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A Journal on Psychiatry, Psychology and Psychopharmacology
Official Journal of the Italian Society of Social Psychiatry
Indexed/Abstracted in: EMBASE, e-psyche, PsycINFO, Scopus, Emerging Sources Citation Index
Minerva Psichiatrica 2012 June;53(2):101-6
Effects of illness duration and number of psychotic attacks on cognitive and intellectual impairment of schizophrenic patients
Vaziri A. 1, Rezaei O. 2, Dolatshahi B. 3
1 Clinical Psychology Science and Research Branch, Islamic Azad University, Tehran, Iran;
2 Department of Psychiatry, University of Social Welfare and Rehabilitation Science, Tehran, Iran;
3 Department of Psychology, University of Social Welfare and Rehabilitation Science, Tehran, Iran
Aim. The course of cognitive impairment in schizophrenia is a deteriorative course, in which patients’ cognitive and intellectual deficits worsen progressively throughout the long duration of the illness after an insidious onset, or is a static phenomenon, which means that once they arise, remain relatively stable. The aim of this study was to investigate the effects of the illness duration and the number of psychotic attacks on cognitive and intellectual impairment of patients with schizophrenia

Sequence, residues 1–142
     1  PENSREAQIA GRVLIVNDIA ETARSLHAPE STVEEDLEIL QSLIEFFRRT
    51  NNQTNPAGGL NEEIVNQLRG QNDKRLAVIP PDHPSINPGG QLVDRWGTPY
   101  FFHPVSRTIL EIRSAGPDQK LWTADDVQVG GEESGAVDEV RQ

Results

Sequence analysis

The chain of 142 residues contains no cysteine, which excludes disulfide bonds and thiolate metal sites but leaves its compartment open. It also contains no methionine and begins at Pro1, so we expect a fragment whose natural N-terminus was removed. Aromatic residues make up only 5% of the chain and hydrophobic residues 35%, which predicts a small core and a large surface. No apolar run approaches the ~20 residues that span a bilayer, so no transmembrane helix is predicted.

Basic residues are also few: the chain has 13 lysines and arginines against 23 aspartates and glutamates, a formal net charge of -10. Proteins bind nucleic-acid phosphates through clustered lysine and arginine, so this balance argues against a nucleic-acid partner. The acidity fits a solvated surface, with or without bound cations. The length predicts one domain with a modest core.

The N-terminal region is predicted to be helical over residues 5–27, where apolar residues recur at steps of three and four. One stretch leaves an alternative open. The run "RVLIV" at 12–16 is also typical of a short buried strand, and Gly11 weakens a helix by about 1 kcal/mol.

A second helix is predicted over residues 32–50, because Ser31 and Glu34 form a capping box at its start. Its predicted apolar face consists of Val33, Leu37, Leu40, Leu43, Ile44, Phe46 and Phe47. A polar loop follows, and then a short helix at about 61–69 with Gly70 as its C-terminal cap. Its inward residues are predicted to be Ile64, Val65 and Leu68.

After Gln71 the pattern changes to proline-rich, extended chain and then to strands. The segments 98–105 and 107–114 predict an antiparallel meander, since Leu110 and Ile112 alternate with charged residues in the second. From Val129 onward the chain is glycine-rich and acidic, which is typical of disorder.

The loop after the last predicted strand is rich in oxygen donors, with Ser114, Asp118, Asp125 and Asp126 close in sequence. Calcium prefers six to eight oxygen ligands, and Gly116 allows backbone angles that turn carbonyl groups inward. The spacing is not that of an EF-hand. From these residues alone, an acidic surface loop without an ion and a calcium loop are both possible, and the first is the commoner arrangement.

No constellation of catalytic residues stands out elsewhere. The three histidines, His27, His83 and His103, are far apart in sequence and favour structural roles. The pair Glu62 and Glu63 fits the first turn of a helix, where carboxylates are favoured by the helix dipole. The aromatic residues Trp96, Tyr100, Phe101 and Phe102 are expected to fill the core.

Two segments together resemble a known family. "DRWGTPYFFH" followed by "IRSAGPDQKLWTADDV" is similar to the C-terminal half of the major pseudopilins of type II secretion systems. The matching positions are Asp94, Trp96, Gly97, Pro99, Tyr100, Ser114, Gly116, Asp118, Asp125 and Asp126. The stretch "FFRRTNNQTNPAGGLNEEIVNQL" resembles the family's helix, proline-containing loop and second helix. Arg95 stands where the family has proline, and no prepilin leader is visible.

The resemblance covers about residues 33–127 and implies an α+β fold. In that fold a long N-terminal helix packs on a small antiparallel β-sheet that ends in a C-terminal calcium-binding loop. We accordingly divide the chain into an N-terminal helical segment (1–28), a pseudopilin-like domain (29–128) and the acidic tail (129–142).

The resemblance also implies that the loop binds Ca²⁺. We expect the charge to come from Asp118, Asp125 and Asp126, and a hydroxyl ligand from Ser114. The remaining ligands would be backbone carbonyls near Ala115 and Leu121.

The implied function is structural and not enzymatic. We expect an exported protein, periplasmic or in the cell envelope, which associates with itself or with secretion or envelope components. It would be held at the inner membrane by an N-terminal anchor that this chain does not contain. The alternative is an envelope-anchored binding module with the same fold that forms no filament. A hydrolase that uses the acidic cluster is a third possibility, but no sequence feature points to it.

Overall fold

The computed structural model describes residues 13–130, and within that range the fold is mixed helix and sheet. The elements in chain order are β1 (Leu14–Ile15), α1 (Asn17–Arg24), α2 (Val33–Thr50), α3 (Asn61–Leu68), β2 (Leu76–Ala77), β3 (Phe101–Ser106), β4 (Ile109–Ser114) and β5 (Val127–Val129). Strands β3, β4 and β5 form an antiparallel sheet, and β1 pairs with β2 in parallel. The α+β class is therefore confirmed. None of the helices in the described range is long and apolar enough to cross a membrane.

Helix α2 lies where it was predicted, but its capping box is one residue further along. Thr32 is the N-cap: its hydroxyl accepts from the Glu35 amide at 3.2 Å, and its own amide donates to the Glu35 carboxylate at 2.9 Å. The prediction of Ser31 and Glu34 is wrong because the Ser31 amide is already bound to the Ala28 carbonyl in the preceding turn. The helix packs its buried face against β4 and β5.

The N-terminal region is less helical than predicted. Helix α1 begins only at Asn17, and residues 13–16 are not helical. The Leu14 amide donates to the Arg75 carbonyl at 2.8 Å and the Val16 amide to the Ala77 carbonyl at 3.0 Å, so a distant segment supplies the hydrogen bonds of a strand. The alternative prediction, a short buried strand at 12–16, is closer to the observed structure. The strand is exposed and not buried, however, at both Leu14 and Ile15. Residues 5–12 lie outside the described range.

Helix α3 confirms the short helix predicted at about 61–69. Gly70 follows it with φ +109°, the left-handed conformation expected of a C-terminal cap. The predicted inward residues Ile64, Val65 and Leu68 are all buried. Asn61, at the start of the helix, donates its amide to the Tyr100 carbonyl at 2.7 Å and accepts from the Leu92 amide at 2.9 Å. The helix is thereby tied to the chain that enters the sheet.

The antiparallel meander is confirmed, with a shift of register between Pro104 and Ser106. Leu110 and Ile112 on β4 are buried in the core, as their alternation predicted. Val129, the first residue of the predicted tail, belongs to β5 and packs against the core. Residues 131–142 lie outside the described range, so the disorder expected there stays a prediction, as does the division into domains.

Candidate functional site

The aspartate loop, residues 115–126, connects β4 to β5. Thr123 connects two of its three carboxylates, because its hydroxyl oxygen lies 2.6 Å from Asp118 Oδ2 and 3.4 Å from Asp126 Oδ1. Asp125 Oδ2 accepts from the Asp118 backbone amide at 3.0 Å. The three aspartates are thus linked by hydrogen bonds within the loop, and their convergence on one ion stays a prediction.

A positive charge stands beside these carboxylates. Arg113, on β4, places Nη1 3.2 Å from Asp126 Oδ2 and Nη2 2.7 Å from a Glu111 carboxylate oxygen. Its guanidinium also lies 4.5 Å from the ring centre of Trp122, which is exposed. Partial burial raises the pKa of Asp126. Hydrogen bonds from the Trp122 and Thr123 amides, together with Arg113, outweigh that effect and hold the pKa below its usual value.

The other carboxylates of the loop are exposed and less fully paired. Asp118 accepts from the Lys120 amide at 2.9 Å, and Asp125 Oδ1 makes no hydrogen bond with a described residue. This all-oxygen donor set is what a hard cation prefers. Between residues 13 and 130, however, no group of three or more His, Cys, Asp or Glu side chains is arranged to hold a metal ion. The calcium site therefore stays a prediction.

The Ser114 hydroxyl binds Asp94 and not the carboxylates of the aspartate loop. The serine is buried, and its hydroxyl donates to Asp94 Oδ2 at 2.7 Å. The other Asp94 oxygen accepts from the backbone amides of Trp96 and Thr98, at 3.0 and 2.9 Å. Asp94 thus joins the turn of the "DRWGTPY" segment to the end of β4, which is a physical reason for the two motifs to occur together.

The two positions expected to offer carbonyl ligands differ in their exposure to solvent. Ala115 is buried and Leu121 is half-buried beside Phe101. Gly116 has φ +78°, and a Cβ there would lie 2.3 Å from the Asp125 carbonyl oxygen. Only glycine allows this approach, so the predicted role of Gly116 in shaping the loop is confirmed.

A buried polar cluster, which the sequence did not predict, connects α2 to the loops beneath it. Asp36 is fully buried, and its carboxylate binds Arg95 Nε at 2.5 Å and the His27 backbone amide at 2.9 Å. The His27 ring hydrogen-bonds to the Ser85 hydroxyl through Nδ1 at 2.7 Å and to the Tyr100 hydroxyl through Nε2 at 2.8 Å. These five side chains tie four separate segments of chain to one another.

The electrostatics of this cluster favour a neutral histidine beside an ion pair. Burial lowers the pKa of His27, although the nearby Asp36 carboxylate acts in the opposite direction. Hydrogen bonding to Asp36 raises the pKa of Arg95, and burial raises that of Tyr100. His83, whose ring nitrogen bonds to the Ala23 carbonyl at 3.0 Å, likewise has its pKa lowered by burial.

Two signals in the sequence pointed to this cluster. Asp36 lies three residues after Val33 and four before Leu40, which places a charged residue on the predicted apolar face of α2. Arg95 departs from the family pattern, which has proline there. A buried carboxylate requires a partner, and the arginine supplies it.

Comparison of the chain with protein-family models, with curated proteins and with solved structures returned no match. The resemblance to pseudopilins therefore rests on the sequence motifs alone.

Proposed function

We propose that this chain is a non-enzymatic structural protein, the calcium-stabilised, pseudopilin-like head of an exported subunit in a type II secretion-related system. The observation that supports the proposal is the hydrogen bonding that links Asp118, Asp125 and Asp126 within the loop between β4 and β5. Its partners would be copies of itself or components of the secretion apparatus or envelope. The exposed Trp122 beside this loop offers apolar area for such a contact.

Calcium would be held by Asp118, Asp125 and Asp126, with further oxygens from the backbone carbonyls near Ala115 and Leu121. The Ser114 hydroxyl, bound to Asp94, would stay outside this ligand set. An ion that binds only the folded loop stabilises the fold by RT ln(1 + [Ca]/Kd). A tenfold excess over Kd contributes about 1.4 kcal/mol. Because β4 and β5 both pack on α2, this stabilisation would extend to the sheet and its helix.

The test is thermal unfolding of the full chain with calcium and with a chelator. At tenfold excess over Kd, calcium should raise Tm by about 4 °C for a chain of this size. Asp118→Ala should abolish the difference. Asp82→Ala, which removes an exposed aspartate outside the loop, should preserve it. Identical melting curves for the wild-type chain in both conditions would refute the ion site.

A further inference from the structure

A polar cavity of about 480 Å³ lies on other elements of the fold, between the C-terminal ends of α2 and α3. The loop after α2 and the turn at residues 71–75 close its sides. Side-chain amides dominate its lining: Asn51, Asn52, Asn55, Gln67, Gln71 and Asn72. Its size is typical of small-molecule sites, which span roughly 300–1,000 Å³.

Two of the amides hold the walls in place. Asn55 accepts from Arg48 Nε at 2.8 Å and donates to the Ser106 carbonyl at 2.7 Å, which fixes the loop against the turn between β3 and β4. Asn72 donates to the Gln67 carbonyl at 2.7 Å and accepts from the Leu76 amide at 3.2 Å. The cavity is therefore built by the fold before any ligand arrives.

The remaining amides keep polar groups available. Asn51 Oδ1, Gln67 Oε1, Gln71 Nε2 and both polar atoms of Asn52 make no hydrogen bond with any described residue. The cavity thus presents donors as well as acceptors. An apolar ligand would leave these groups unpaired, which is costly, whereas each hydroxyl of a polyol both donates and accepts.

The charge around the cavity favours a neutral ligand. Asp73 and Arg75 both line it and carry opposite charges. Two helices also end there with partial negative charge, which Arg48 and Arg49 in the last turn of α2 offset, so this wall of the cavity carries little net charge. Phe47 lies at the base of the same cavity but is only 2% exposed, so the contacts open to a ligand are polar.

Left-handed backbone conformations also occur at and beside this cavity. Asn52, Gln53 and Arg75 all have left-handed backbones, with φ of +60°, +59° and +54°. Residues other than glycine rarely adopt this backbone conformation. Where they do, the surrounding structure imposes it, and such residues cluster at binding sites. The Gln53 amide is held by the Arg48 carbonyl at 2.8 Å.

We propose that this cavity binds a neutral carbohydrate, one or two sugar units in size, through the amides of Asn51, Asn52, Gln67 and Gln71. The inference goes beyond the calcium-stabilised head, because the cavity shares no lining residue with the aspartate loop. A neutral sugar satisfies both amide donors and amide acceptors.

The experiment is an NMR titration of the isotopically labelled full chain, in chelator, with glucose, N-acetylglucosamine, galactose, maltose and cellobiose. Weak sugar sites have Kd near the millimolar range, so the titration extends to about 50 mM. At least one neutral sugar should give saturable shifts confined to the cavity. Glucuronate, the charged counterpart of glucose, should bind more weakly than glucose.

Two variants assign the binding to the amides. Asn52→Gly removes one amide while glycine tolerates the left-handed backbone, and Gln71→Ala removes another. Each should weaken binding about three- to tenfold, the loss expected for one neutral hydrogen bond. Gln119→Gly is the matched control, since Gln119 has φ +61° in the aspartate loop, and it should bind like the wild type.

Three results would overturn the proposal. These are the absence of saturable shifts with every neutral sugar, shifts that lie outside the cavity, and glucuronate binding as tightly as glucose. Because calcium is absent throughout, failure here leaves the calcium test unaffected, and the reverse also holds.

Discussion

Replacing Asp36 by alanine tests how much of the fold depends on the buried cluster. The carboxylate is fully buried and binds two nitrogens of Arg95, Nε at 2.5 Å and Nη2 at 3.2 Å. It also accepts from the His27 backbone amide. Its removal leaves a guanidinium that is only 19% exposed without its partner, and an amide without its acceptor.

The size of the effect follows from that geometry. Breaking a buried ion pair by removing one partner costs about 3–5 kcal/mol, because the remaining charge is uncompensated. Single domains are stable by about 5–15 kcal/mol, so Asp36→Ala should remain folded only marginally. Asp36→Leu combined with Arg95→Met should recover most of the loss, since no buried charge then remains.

Methods. In this retrospective study 52 schizophrenic male inpatients were evaluated by Wechsler Adult Intelligence Scale-R test and their demographic characteristics were also obtained. Descriptive statistical methods were used. P-value <0.05 was considered statistically significant.
Results. According to our results, cognitive impairment in schizophrenic patients was generally related to illness duration and number of psychotic attacks. Full scale IQ was negatively correlated with illness duration (R2=-0.33, P<0.02) and the number of psychotic attacks (R2=-0.31, P=0.03). Patients had the highest scores in information, vocabulary and comprehension; and the lowest scores in block design, objects assembly and digit symbol. There was a significant correlation between illness duration and arithmetic, picture arrangement, and block design and a significant correlation between number of psychotic attacks and comprehension and similarities.
Conclusion. It can be inferred from the performance of our participants in sub-tests of WAIS-R scale that the aspects of intelligence which are influenced by education and cultural factors are less impaired in schizophrenic patients than other aspects more influenced by biological factors.